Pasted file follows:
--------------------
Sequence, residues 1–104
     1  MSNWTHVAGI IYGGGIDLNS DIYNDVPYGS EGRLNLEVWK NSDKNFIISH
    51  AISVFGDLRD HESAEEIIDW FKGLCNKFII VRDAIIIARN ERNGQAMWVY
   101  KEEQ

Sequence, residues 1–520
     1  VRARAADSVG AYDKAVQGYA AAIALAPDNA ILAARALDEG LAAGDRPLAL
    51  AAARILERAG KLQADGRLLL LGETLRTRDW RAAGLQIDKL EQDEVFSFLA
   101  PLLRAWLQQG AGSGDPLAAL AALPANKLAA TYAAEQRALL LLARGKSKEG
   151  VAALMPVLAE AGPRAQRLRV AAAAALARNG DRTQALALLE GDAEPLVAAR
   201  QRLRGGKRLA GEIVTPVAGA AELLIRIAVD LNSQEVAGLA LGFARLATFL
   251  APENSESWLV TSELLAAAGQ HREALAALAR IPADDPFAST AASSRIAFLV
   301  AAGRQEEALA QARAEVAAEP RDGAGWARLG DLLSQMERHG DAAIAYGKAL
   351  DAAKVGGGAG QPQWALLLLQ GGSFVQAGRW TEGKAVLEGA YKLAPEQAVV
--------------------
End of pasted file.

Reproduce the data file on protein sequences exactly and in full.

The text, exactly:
Sequence, residues 1–104
     1  MSNWTHVAGI IYGGGIDLNS DIYNDVPYGS EGRLNLEVWK NSDKNFIISH
    51  AISVFGDLRD HESAEEIIDW FKGLCNKFII VRDAIIIARN ERNGQAMWVY
   101  KEEQ

Sequence, residues 1–520
     1  VRARAADSVG AYDKAVQGYA AAIALAPDNA ILAARALDEG LAAGDRPLAL
    51  AAARILERAG KLQADGRLLL LGETLRTRDW RAAGLQIDKL EQDEVFSFLA
   101  PLLRAWLQQG AGSGDPLAAL AALPANKLAA TYAAEQRALL LLARGKSKEG
   151  VAALMPVLAE AGPRAQRLRV AAAAALARNG DRTQALALLE GDAEPLVAAR
   201  QRLRGGKRLA GEIVTPVAGA AELLIRIAVD LNSQEVAGLA LGFARLATFL
   251  APENSESWLV TSELLAAAGQ HREALAALAR IPADDPFAST AASSRIAFLV
   301  AAGRQEEALA QARAEVAAEP RDGAGWARLG DLLSQMERHG DAAIAYGKAL
   351  DAAKVGGGAG QPQWALLLLQ GGSFVQAGRW TEGKAVLEGA YKLAPEQAVV